The Minister seemed receptive to my comments and I am cautiously optimistic that the Province will make the changes necessary for the continued protection of Toronto's valued Employment Areas. Thank you to the Leaside Business Park Association (LPBA) and Leaside Property Owners' Association (LPOA) for their ongoing support.
As many of you know, I've been a vocal opponent of the out-of-control pace of development in the Yonge-Eglinton neighbourhood. In the absence of a comprehensive and up-to-date Secondary Plan, development in the Yonge-Eglinton neighbourhood has gone unchecked by the Province for many years.
The negative consequences of this rapid intensification include overcrowded transit, constant construction, traffic congestion, lack of sunlight, significant dust, and lack of green space.
Last summer, City Council voted to approve the new Yonge-Eglinton Secondary Plan, Official Plan Amendment (OPA) 405. You can read more about our community's successful efforts to amend the Secondary Plan and reduce the permitted building heights on my website, here.
The Yonge-Eglinton Secondary Plan requires approval by the Minister of Municipal Affairs before officially coming into effect. We've been advised that the Minister has recently extended his time period to make a decision until June 6, 2019.
In light of this impending deadline, I met with the Minister of Municipal Affairs immediately to advise him of our collective efforts on this file over the past eight years. While I cannot predict the Minister's ultimate decision with any certainty, he listened closely to my summary of the community's concerns. Specifically, we discussed how the flood of Ontario Municipal Board (OMB) approvals in this neighbourhood has placed an immense amount of pressure on our existing infrastructure.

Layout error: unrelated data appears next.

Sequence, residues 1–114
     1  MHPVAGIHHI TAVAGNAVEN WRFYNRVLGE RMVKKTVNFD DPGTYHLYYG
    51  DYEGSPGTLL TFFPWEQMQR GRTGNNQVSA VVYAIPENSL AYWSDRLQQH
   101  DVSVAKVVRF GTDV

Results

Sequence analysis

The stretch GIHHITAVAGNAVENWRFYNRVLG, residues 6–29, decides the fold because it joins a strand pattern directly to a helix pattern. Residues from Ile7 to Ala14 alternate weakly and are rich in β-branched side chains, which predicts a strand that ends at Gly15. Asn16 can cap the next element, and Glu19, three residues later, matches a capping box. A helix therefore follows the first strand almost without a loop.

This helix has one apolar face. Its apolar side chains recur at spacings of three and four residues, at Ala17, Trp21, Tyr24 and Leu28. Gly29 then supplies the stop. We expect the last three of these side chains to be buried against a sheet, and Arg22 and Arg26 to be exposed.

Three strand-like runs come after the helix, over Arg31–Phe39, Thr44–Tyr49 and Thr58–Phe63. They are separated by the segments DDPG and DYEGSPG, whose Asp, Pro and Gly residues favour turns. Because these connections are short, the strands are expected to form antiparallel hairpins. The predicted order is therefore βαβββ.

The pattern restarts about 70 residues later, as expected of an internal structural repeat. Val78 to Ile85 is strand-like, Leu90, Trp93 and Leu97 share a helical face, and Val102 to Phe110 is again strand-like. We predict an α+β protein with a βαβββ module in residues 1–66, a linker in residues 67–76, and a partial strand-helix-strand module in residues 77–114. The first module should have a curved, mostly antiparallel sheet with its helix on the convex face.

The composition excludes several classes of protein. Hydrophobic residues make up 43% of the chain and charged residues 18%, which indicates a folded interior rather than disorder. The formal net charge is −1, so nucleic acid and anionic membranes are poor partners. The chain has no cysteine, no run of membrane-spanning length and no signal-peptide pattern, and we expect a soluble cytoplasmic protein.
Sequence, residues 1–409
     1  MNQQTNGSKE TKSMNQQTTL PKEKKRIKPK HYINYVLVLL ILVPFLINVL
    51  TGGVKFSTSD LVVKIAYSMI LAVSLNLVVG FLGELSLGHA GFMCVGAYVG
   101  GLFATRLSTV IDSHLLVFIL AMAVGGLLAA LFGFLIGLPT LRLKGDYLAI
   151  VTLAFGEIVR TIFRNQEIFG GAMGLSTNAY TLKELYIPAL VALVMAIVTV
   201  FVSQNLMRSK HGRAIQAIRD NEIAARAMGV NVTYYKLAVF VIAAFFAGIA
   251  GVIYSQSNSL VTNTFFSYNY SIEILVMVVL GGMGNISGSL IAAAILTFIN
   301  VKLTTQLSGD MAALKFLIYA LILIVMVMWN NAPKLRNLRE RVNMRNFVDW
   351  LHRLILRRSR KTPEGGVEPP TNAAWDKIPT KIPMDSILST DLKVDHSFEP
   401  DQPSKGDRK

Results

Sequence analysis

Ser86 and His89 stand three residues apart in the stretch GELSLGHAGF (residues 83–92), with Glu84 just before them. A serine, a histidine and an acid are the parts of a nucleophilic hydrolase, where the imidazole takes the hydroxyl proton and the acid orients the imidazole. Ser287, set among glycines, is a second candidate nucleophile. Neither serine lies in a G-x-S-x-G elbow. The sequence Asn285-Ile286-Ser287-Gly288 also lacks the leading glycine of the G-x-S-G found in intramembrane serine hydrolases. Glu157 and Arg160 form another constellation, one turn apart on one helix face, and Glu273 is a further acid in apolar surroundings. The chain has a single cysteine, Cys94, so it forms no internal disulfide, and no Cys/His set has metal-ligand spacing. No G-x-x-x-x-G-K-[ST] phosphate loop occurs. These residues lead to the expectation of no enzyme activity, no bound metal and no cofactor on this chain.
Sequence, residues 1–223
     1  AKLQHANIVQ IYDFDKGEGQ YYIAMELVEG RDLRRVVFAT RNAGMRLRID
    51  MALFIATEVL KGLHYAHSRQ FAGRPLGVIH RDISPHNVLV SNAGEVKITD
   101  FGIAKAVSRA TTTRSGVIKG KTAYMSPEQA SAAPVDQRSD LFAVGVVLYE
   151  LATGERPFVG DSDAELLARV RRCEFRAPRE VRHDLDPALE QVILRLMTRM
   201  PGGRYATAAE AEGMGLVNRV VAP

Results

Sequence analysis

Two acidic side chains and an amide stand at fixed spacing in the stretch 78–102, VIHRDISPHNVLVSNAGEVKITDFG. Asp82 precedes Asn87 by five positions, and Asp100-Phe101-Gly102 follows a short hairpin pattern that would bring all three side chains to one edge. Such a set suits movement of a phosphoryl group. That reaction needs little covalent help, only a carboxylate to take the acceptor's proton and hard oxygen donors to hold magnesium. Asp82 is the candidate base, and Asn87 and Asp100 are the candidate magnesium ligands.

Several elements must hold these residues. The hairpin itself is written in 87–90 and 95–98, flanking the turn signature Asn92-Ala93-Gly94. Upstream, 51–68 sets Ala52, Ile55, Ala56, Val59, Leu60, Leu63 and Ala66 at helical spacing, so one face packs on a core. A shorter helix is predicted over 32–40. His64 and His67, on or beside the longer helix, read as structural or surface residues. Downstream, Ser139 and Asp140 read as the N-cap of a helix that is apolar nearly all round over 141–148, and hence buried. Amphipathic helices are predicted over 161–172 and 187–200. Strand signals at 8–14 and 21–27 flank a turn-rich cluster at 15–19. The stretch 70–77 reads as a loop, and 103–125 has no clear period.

I want to take this opportunity to thank all of the residents of the north-east quadrant of Yonge-Eglinton neighbourhood for your support throughout this process.
Welcoming student groups to City Hall is one of the best parts of my role as a City Councillor – It reminds me of the importance of the work we do every day to build a more vibrant, liveable, and safe City.
In February, I welcomed students from Northlea Public School in Leaside who stopped in to the TTC Board Meeting I was chairing to observe local transit planning in action. I was impressed by the great questions and ideas the students shared with me.
The City of Toronto offers free educational programs and tours for students of all ages. More information for parents or teachers can be found here.
Snow, ice, and freeze-thaw cycles can cause serious damage to our roadways.
From January 1 to March 18, Transportation Services has repaired 38,616 potholes. 14,785 were filled between March 5 and March 18.
To report potholes, please phone 311, email email@example.com, or visit www.toronto.ca/311. Please have the closest municipal address on-hand – it helps repair crews work efficiently.
As a regular transit user, I know how frustrating fare evasion is for the residents of Toronto who consistently pay to travel on the TTC. Every dollar lost through fare evasion is one less dollar available for much-needed service improvements.
In February, the City's Auditor General released a comprehensive report assessing the cost of TTC fare evasion. Based on an extensive investigation, the Auditor General estimates that the current fare evasion rate is about 5.4%, meaning that the TTC lost close to $64.1 million in passenger revenue in 2018. The highest rate of fare evasion was identified on the streetcar network, where it is estimated that 1/10 passengers do not pay their fares.
The recommendations included in the report will guide the TTC's action plan moving forward as we approach full transition to the PRESTO farecard system. This year, the TTC is planning to further enhance the existing fare inspection.Currently, the TTC is in the process of rolling out new technologies to discourage fare evasion across the network.